Don't over assume that older is better built than "all that modern rubbish". In the good old days they also built a lot of rubbish, whether by ignorance or intention (many builders are probably surprised the boats are still afloat decades later - if not the builders, then certainly the workers ).

Quality comes from design as much as from using brute force and ignorance - stuff got overbuilt as much from ignorance (albeit with good intentions) as it did from any plan that the boats last 50 years, although I am sure some did.

If you can find a boat that has just had a refit (and good one) then that would be the one to go for - will likely be reflected in a higher price, but nowhere near the cost of doing for self. Don;t underestimate the cost of refitting a boat (in time and money) - but nonetheless a boat that does actually only need a few gizmos fitted makes sense, cheaper to buy stuff s/h and already fitted onto the boat - but the upside is that you get new (and the lifespan that goes with that), how important that is depends on the Gizmo. For a list of Gizmos see one of the links in my signature (the collected works of CF!).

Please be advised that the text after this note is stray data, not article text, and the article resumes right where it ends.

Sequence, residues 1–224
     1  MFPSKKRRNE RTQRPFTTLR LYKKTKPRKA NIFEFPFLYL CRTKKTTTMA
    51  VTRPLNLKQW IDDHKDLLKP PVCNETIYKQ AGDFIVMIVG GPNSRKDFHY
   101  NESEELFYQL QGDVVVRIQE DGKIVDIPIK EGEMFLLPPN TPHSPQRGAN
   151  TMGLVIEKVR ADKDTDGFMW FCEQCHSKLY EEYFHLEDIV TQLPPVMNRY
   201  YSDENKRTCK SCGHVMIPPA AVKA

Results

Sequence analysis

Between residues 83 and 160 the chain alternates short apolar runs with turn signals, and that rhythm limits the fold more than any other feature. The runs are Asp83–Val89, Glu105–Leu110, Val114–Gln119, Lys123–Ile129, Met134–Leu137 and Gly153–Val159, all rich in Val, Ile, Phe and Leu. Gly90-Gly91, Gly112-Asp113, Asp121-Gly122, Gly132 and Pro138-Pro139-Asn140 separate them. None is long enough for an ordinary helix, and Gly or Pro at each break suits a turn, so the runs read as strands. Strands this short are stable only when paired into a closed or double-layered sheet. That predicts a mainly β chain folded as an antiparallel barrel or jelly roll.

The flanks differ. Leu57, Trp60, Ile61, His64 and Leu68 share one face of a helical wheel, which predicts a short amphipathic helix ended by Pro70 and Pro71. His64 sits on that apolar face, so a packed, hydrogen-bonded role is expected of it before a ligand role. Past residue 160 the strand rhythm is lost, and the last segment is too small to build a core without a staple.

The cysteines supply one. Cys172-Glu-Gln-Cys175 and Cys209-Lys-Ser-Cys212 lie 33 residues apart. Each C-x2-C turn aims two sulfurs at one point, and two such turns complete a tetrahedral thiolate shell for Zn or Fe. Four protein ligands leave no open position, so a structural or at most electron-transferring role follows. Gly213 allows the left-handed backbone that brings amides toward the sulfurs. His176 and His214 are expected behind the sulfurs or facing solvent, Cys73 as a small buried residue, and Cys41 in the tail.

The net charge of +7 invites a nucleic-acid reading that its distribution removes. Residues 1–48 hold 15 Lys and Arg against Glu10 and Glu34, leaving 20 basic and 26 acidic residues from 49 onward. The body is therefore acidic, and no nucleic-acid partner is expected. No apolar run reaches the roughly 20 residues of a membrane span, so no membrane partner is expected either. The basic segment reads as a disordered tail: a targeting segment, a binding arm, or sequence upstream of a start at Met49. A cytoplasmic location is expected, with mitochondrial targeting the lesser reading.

I am also completely mobile so I could buy the boat anywhere and explore that area first. Preferably tropical. I also have Canadian/UK Citizenship. Are there advantages as to where I register the boat?

Short answer is no (advantages) - starting point should be wherever your home country is (at least the home before you depart!) as usually boat registration has a residency requirement.

Also, in my boat I would appreciate good ventilation and lighting in the cabin, a swim ladder for warm seas, and enough storage for a fold-up bike and surfboard. I would also want sun and/or wind energy, refrigerator, and water maker...hopefully that's not too much to ask in my price range.

Those are all ballpark things - might not get ideal for all of them, but as I said at the getgo - boats is all about compromises.

Well that should be more than enough to get this ball rolling.

Thanx everyone, Chris.
So many choices gets confusing - but puzzling own answers out is all part of the game (and fun?!) of boat ownership .
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Old 15-09-2012, 12:43   #23
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Re: Wanted: Live Aboard Wisdom From Worldtravelling Veterans!

Originally Posted by presentmoment View Post